A Review of Grove, by Esther Kinsky. Trans, Caroline Schmidt. (Fitzcarraldo Editions)
Nothing happens in this book – at least nothing that will not happen to every single one of us at some time in our lives. Esther Kinsky’s writing underlines the temporary and porous nature of the divide between those who have passed and those of us who, for the moment, remain.
Grove is about the search for consolation in bereavement by journeying both physically through landscape and re-visiting the landscape of memory. The book is set in Italy – but this is not the Italy that many of us will know from 2 week vacations, with pasta and singing waiters, nor is it necessarily a dark place. Rather the language of the book makes it seem as though the landscape is waiting to emerge from some sort of limbo.
There are gothic elements that surprise. Do not look for lemon trees or olive groves.
Kinsky subverts our usual expections of Italian sunshine in the cold and fog which predominate here. There are wide terrains, often empty. Commercial premises are closed or abandoned. Shops are shuttered.
Death is ever present whether in the stonework of the necropolis of Spina, the house by the cemetery, in visited mausolea, or in the narrator’s own memories of bereavement – and all these things combine into a narrative of acute loss. This is the language of psychogeography – where the external landscape reflects the narrator’s internal mindset. The colours are all grey, white and blue, the colour of winter light.
‘This small plain in the winter light, too, was punctuated by tumuli. The field of burial chambers … which the living prepared for the dead…’
A woman who is unnamed – rents a house in winter in a hillside village called Olevano, South East of Rome. There is no dialogue, there are very few characters other than the narrator herself. We do meet a few ethereal others, they blow across the pages like autumn leaves: a woman passed in a visit to the local cemetery, a man selling citrus fruit from a cart, a cheesemonger in a shop who keeps laminated photos of goats in a binder to prove to his customers that his cheese is local, a few sullen teenagers on mopeds in the square. Then there are the cats.
“There were cat days and dog days in Olevano. The windless waiting days were for the cats. They crept around every corner… as if born of the same quarry stone most of the old houses were built from.”
In wandering and looking, recording and layering new impressions over the old ones partly recalled, there is for the narrator a coming to terms, a movement towards the hope. Threaded through it all are memories of a man who we simply know as ‘M’.
“I knew exactly how we would have walked between these graves together. How we would have entered the chambers, the stony beds, how we would have looked at the things depicted with a near tender accuracy…”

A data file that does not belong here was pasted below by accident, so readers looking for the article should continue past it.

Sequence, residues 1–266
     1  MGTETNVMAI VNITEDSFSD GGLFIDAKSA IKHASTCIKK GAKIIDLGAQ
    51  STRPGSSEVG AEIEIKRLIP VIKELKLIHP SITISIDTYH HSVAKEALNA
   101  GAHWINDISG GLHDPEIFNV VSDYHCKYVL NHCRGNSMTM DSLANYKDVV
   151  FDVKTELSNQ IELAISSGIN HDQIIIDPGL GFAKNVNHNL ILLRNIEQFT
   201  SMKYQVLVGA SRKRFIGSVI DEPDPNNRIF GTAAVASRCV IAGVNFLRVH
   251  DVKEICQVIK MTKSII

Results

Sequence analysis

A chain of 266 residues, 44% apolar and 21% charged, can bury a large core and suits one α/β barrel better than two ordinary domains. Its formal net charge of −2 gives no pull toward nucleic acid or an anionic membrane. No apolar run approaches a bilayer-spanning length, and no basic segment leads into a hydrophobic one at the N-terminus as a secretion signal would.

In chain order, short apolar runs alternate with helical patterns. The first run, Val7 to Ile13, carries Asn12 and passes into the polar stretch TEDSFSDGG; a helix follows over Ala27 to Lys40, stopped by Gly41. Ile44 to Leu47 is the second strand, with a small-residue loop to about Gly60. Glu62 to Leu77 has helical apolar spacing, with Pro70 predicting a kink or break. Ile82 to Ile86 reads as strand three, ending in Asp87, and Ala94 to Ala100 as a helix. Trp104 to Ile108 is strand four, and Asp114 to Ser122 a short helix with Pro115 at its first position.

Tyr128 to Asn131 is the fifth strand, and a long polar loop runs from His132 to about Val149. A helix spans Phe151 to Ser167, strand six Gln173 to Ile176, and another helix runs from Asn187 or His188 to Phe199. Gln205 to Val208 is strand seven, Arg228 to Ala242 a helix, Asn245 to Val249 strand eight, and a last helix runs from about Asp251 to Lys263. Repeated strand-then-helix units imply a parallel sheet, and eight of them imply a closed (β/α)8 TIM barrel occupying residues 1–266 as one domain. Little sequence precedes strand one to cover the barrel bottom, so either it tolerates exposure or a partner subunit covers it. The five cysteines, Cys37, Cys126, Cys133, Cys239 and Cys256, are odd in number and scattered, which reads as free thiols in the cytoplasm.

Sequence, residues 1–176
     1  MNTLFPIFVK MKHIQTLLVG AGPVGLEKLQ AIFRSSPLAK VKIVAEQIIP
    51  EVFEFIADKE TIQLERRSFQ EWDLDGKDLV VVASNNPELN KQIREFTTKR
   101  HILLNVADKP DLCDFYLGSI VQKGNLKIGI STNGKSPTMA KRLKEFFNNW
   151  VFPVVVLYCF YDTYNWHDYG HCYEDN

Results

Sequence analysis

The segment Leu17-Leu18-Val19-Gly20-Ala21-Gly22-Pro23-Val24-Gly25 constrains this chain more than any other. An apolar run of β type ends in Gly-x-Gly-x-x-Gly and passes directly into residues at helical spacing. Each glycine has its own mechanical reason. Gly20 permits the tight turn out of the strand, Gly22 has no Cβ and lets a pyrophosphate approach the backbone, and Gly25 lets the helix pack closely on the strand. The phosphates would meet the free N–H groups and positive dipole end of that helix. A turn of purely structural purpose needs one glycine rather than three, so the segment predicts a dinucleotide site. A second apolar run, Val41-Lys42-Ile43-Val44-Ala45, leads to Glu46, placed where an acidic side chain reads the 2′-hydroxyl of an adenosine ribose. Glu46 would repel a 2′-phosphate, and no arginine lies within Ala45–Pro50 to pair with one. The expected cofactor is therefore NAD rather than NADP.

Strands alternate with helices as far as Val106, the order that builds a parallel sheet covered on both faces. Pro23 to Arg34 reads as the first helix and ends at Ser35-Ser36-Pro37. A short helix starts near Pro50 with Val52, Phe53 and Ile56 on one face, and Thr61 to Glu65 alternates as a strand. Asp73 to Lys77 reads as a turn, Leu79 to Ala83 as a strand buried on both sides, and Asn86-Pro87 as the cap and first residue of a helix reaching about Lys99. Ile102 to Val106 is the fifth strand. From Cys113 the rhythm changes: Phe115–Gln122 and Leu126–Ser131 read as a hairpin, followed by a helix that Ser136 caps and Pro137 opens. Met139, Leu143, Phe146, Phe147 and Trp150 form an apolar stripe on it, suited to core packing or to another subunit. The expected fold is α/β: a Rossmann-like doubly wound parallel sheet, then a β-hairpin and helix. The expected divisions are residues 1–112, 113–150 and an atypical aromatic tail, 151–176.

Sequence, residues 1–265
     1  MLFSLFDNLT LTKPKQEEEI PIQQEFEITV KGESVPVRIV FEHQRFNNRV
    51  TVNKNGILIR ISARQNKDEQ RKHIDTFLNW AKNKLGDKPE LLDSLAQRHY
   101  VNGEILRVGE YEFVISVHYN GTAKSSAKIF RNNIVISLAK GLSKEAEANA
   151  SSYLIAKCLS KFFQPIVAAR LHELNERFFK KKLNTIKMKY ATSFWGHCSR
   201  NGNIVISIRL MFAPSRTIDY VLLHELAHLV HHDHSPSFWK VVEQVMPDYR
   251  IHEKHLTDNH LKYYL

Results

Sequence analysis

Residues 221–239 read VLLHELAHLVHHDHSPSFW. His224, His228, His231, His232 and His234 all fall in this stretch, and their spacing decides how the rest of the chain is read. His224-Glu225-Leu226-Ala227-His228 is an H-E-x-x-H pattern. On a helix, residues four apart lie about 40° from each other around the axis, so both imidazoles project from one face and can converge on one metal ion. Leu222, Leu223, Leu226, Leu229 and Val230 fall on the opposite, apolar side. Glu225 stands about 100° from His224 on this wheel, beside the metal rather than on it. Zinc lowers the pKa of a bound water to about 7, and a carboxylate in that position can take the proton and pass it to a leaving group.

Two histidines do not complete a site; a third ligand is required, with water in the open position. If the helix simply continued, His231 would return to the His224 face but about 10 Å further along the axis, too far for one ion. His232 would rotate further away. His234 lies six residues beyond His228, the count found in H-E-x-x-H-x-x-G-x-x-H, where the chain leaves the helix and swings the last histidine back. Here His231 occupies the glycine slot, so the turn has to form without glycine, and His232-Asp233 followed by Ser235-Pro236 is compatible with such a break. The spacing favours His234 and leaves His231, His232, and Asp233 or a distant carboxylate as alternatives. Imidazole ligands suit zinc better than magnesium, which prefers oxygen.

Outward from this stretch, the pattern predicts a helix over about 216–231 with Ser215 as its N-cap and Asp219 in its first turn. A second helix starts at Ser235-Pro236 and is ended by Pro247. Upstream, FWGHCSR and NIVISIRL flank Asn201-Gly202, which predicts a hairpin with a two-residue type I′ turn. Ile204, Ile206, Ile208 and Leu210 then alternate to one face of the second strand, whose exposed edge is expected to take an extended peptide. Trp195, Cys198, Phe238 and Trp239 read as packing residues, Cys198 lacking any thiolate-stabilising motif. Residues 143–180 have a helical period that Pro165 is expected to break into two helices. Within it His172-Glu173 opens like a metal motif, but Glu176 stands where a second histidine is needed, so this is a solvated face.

The book is divided more or less into two halves. In the first half are the journeys, the observations, the descriptions of the narrator’s trips around the area of Olevano and the rented house.
“The leaden heart grew entwined with all I had seen that took root in me. With the sight of the olive groves in fog, the sheep on the hillside, the holm oak hill, the horses that from time to time grazed silently behind the cemetery, with the view past the plain and its small shimmering fields on cold mornings frosted bluish.”
Ruminations on long past family trips to the area dominate the second half of the book – the father wanders off for hours leaving child and mother alone in a strange guest house where ‘every piece of furniture and every step creaked’. It is interesting that a great deal of the second half of the book is given over to descriptions of the father, yet he is not the one being mourned but ‘M’. We learn nothing about M except that his death has inspired this grief and this journey and that he took photographs:
“… these sepulchre images were a plea not to be forgotten, an anxious call of the visible, which arose with the invention of photography and wanted to be more powerful than any name.”
This is not a book for those who want plot and action, but for those who admire the intense poetry and lyricism of description and who find comfort in this excellent evocation of a coming to terms with the past.
I will definitely be ordering more books of these collectible books from this indie press although maybe I wouldn’t want a whole row of these dark blue spines on my shelves – please change up the covers guys – but the paper used is of excellent and sturdy quality designed to last, as it will need to. Like poetry this book requires more than one reading.
Grove is the fourth of my 20 Books of Summer.
2 responses to “Don’t Look for Lemon Trees or Cafe Society in this Wintry Version of Italy”
“Psychogeography” is the perfect word for beginning to analyze this book. Thanks for the review!
You’re welcome. I love that word too🌝